Do you remember how shocked we were to discover, in one of our Google image searches for “selfsame,” the only photograph that survives your grandmother’s youth? How did it get online? Of course you had never scanned it, or uploaded it to any website. Your father didn’t remember the photograph when you asked him, confused by your “alacritous fuss” (those were his exact words). And to make things even eerier, you couldn’t find the physical photograph again.
You wrote: “When Ajanaku died in his hometown last year, his church gave the impression that he was abroad. There were reports also that his corpse was brought to Lagos State by traditional cultists who allegedly held traditional rites for seven days in his Ikola home. The controversy that followed was that some of his parts were removed and that he had been hurriedly buried.”
Also: “Many of those who were there didn’t come to pay their last respects to the deceased but to catch a glimpse of the late pastor. As at the time of filing this report, the people were still waiting anxiously for the casket bearing the remains of the dead pastor to be opened. But there was no indication that the casket would be opened.”
I swear to you: the tattooed man consoled me after my flaccid visions of Garissa. I guess he is Spanish, or Argentine, or a body once dipped in the Mediterranean, aboard a dinghy. I guess he is a fragmented presence from all the immigrant histories I am now reading. I guess he is a postcard, sent to the hereafter. I guess with him I am going ashore, maybe to a better place. But unlike all others I’ve seen in my visions, all the floating dead and all the massacred dead, he is alive: the armpit hair, chest-hair, eyebrow, short hair, nipples encircled by dark aureole, active eye. Whatever doesn’t kill me can only make me stronger. These are the words of the tattoo. The inscription will remain on his body even in death.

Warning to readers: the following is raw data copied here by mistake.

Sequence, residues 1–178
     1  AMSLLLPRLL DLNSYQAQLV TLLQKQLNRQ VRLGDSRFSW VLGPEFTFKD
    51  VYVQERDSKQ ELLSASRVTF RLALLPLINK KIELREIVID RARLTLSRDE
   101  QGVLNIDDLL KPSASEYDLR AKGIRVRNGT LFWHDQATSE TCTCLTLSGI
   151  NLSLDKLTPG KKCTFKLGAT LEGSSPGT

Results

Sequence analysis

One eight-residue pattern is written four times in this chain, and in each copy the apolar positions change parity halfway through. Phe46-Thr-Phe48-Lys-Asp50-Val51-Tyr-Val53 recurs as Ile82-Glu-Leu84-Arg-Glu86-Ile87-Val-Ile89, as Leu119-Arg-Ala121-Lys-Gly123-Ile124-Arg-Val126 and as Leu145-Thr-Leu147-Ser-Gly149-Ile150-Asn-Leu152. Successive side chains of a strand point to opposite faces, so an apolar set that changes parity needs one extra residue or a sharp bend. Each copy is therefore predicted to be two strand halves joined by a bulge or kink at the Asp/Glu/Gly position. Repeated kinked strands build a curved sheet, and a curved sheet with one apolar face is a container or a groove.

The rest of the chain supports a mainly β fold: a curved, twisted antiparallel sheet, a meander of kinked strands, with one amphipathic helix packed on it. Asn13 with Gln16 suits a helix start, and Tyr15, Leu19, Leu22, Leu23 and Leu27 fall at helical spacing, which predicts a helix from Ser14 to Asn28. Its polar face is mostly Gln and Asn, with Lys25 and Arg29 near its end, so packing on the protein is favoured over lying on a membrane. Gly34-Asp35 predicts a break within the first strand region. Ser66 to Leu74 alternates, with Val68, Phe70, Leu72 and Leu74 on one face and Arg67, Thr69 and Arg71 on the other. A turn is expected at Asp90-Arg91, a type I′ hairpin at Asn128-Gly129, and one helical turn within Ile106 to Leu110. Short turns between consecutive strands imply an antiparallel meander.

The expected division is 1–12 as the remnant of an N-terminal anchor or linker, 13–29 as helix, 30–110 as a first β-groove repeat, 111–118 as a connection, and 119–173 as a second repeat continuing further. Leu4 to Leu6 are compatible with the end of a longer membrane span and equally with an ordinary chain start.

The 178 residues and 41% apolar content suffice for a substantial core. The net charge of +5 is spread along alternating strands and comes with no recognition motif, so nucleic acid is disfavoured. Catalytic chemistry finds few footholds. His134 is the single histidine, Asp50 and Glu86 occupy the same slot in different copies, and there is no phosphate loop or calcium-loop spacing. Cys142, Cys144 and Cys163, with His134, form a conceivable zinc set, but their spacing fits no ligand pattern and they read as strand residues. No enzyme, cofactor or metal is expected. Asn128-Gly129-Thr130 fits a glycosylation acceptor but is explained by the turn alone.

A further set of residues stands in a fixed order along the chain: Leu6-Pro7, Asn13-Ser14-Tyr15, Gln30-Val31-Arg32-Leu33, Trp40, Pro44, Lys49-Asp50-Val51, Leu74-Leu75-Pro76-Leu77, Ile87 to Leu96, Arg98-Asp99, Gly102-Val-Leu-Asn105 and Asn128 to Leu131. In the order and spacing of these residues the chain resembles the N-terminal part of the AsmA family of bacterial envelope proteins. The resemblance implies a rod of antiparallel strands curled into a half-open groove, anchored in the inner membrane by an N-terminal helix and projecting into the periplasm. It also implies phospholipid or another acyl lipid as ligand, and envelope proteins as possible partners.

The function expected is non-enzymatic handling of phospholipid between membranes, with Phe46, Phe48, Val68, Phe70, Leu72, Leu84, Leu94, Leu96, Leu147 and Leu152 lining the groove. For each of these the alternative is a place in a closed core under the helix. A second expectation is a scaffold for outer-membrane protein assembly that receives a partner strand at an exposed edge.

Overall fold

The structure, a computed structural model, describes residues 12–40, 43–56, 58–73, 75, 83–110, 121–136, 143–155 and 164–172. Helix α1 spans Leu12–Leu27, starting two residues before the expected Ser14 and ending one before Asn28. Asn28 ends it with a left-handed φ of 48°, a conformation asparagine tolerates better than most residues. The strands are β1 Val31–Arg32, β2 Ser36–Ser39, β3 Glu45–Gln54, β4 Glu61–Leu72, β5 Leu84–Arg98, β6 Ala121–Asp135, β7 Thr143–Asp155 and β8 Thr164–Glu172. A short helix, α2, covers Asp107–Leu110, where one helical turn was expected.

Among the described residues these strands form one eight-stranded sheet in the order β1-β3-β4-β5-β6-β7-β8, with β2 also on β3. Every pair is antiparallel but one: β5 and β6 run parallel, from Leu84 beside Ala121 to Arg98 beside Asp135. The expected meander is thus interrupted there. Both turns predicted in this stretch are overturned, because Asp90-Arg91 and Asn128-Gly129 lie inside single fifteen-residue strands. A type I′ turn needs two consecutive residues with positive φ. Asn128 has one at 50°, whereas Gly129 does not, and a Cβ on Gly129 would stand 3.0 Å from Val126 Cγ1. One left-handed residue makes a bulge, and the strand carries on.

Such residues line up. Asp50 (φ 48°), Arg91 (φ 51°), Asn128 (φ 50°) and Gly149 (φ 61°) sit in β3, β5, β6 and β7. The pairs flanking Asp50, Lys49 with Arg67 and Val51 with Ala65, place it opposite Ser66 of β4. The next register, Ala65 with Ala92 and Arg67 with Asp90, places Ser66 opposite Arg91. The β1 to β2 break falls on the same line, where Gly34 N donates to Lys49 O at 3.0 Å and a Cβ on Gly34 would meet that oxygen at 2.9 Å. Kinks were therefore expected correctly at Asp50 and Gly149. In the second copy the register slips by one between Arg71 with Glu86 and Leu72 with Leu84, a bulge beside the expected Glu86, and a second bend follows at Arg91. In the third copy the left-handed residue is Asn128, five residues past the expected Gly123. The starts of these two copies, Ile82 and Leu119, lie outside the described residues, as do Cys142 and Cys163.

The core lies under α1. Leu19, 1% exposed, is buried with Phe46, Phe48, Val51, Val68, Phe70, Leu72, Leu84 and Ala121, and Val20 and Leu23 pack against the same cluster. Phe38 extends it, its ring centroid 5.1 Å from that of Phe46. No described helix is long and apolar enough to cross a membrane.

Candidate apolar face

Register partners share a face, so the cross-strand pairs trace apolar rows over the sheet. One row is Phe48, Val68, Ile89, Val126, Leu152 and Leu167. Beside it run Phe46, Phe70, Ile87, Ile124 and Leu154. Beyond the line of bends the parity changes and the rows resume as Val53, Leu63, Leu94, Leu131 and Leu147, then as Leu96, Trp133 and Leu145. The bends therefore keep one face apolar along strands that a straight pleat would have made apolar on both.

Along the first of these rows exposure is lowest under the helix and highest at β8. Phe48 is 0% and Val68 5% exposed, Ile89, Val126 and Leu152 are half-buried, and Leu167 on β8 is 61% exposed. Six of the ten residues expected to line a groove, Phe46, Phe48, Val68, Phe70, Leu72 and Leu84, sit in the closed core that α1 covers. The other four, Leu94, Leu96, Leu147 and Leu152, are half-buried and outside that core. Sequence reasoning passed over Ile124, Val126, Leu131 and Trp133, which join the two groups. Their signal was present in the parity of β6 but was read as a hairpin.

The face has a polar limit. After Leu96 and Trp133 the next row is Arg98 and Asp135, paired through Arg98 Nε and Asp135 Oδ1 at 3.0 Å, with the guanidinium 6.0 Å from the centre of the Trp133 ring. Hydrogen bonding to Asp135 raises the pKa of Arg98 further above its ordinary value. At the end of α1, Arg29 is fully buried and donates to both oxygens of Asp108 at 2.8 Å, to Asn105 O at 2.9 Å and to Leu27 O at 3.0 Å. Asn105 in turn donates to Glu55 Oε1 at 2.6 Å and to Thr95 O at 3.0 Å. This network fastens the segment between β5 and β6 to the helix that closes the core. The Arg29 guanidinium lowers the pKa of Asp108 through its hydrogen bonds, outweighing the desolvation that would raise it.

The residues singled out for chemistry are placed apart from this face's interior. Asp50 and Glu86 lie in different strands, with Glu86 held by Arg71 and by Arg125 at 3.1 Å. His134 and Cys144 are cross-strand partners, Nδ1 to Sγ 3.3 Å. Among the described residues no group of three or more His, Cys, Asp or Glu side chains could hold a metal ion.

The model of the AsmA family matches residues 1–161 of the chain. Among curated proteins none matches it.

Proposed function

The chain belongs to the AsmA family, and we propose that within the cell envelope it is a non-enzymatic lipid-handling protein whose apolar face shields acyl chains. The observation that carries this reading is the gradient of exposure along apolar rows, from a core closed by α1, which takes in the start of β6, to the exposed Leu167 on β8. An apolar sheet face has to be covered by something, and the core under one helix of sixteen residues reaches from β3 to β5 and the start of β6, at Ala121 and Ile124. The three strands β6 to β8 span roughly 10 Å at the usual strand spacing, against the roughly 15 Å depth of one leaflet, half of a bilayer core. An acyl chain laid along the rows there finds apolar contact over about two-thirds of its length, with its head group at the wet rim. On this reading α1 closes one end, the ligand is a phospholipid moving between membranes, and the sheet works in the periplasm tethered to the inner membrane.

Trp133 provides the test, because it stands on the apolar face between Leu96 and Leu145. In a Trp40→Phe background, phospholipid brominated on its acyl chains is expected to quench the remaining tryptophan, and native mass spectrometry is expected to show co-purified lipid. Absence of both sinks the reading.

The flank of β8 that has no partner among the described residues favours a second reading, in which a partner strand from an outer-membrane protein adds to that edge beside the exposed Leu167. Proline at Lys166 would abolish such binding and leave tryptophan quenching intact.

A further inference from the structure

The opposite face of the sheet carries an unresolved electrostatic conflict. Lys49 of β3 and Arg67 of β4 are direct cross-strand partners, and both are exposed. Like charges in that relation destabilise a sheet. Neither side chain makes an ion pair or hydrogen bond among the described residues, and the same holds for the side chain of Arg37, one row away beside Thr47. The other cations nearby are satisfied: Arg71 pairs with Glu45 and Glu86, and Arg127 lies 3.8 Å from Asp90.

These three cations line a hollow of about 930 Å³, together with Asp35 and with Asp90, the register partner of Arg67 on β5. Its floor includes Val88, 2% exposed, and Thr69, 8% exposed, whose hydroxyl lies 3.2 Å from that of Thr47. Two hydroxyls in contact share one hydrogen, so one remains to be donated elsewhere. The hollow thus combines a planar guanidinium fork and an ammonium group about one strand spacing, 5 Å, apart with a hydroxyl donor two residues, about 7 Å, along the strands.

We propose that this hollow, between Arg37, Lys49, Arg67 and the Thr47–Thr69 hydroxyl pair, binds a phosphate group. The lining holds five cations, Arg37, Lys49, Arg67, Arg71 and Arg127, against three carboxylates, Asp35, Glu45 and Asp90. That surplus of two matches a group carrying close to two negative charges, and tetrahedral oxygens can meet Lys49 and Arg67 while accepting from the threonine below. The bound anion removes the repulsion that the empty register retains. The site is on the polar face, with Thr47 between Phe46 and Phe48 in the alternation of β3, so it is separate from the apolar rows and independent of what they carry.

Image: “Micah, 2009,” (c) Benjamin Fredrickson, photo of postcard courtesy E. Iduma.
- Retold from: AleksandarHemon, The Lazarus Project (New York: Riverhead Books, 2008), pp. 189, 284
- RadwaAshour, Specters, trans. by Barbara Romaine (Northampton: Interlink Books, 2011), p. 193
Emmanuel Iduma, born and raised in Nigeria, is a writer of fiction and art criticism, and an organizer of art projects. He is the author of the novel Farad and co-editor of Gambit: Newer African Writing. He is director of Saraba Magazine, which he co-founded, and director of publications of Invisible Borders, a trans-African arts organization. Iduma was writer-in-residence at the New York-based Danspace Project’s Platform 2015. His criticism has appeared in, among others, Guernica, Music and Literature, Contemporary &, Wasafiri, Africa is a Country, ESOPUS, as well as a wide range of exhibition catalogues. His work with Invisible Borders was exhibited at the 56th Venice Biennale. A lawyer by training, he holds an MFA in Art Criticism and Writing from the School of Visual Arts, New York.